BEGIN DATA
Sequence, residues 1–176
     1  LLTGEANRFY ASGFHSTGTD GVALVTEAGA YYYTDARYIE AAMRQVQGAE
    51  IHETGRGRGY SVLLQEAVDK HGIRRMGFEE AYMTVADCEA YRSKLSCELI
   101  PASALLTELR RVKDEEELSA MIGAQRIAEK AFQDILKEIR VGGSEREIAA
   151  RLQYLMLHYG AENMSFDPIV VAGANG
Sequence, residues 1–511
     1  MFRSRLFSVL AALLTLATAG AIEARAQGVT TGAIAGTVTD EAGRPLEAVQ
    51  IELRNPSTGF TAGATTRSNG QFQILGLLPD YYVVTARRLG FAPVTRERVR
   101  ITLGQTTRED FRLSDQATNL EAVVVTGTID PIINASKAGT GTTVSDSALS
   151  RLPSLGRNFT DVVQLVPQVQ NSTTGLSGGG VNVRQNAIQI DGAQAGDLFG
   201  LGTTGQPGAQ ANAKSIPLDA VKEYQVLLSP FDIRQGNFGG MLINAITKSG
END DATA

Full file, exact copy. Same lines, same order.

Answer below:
Sequence, residues 1–176
     1  LLTGEANRFY ASGFHSTGTD GVALVTEAGA YYYTDARYIE AAMRQVQGAE
    51  IHETGRGRGY SVLLQEAVDK HGIRRMGFEE AYMTVADCEA YRSKLSCELI
   101  PASALLTELR RVKDEEELSA MIGAQRIAEK AFQDILKEIR VGGSEREIAA
   151  RLQYLMLHYG AENMSFDPIV VAGANG
Sequence, residues 1–511
     1  MFRSRLFSVL AALLTLATAG AIEARAQGVT TGAIAGTVTD EAGRPLEAVQ
    51  IELRNPSTGF TAGATTRSNG QFQILGLLPD YYVVTARRLG FAPVTRERVR
   101  ITLGQTTRED FRLSDQATNL EAVVVTGTID PIINASKAGT GTTVSDSALS
   151  RLPSLGRNFT DVVQLVPQVQ NSTTGLSGGG VNVRQNAIQI DGAQAGDLFG
   201  LGTTGQPGAQ ANAKSIPLDA VKEYQVLLSP FDIRQGNFGG MLINAITKSG